Twitter’s rollout of paid verification is not going well
Confusion over changes at Twitter hit a new level over the weekend, after the social media company launched software updates that allowed some users to upgrade to the $8 per month expanded subscription service that includes the blue verification checkmark.
Many users, though, said they were unable to activate the upgrade. And reports emerged Sunday that the company had decided to delay the new verification checkmarks until after the midterm elections.
That left users baffled. The announcement on Apple’s app store update Saturday read “Power to the people. Your account will get a blue check mark, just like the celebrities, companies, and politicians you already follow.”
But Esther Crawford, a manager at Twitter, tweeted on Saturday afternoon that the new Blue wasn’t live yet and that the updates some users saw were due to testing.
Then, on Sunday, Musk seemed to confirm the company was delaying the changes Sunday, tweeting “We are implementing additional safeguards to prevent impersonation, as well as collective use of Verified accounts by a single individual or organization.”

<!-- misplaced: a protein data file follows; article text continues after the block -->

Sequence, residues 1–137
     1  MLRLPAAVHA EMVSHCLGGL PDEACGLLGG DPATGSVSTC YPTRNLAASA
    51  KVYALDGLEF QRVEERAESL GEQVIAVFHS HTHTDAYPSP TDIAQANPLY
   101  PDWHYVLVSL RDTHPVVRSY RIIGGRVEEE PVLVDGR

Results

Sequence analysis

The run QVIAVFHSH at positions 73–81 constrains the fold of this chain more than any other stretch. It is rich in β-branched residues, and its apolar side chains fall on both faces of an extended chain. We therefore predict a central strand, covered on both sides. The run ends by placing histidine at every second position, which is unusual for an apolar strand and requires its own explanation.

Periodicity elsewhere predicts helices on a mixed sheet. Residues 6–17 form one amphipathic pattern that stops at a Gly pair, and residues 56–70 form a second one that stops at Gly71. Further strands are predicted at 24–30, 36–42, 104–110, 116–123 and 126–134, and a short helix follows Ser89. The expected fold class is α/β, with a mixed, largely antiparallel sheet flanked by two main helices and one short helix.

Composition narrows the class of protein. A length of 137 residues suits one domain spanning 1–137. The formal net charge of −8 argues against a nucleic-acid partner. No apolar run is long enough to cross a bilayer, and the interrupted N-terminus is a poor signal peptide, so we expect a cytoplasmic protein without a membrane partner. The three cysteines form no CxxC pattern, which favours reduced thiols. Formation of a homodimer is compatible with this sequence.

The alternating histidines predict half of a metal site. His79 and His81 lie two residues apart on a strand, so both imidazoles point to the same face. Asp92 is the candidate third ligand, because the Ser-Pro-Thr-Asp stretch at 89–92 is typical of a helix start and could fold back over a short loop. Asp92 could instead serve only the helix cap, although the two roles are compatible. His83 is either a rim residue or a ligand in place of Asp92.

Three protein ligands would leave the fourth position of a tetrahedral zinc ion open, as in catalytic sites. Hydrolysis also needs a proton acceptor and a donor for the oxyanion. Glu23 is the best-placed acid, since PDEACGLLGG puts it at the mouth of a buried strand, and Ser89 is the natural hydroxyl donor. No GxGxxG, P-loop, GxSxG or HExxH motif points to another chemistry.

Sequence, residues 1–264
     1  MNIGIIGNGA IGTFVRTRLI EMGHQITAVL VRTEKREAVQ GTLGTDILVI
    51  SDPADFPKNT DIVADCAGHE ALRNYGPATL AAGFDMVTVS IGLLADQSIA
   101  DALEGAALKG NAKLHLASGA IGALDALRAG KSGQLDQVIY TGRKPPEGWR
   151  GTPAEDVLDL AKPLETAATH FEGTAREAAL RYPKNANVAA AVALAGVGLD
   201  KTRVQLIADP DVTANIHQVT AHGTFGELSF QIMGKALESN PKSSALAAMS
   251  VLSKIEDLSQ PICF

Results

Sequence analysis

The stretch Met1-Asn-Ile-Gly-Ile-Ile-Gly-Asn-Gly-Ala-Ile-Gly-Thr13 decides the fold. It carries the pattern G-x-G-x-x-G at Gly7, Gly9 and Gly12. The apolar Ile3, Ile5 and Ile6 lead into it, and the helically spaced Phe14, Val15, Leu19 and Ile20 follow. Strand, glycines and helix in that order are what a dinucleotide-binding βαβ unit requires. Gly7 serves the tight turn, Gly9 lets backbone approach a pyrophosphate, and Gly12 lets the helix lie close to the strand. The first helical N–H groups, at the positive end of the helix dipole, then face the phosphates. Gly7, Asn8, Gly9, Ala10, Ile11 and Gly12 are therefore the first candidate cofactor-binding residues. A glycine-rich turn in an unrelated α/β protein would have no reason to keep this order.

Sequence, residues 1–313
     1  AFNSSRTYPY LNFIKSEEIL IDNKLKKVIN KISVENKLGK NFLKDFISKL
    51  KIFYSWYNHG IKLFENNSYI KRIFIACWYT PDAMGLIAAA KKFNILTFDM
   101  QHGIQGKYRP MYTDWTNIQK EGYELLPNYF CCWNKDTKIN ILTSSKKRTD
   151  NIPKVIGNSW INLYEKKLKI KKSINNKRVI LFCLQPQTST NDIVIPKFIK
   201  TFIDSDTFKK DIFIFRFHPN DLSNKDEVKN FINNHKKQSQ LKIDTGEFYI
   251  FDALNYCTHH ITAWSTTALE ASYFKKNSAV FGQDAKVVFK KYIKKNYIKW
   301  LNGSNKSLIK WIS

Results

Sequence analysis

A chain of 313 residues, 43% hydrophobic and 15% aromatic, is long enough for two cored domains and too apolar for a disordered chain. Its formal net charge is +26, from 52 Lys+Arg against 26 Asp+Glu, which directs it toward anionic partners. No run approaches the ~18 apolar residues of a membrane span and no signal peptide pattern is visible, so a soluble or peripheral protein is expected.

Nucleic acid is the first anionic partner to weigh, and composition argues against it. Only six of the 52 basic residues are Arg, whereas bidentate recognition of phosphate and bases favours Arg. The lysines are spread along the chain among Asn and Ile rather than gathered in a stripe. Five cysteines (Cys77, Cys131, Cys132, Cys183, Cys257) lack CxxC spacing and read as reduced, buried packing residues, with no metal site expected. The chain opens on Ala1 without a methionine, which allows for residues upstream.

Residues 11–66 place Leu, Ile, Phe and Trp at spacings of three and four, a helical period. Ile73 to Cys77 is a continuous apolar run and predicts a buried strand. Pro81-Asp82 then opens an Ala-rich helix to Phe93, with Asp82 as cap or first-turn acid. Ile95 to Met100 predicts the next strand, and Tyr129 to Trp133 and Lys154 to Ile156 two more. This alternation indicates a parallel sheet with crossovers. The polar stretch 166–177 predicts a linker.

The chaos of the first (and arguably most controversial) change to Twitter comes on the heels of an equally chaotic series of layoffs. Musk ordered the dismissal of roughly 50% of the company’s staff Friday, saying the move was a financial necessity. Almost immediately, though, the company began trying to rehire some of the people who were let go.
Musk has also teased the return of short-form video site Vine and an OnlyFans-like paid video service, with reports both could be live before the end of the year, though it’s unclear how that will be accomplished with the significantly smaller workforce.
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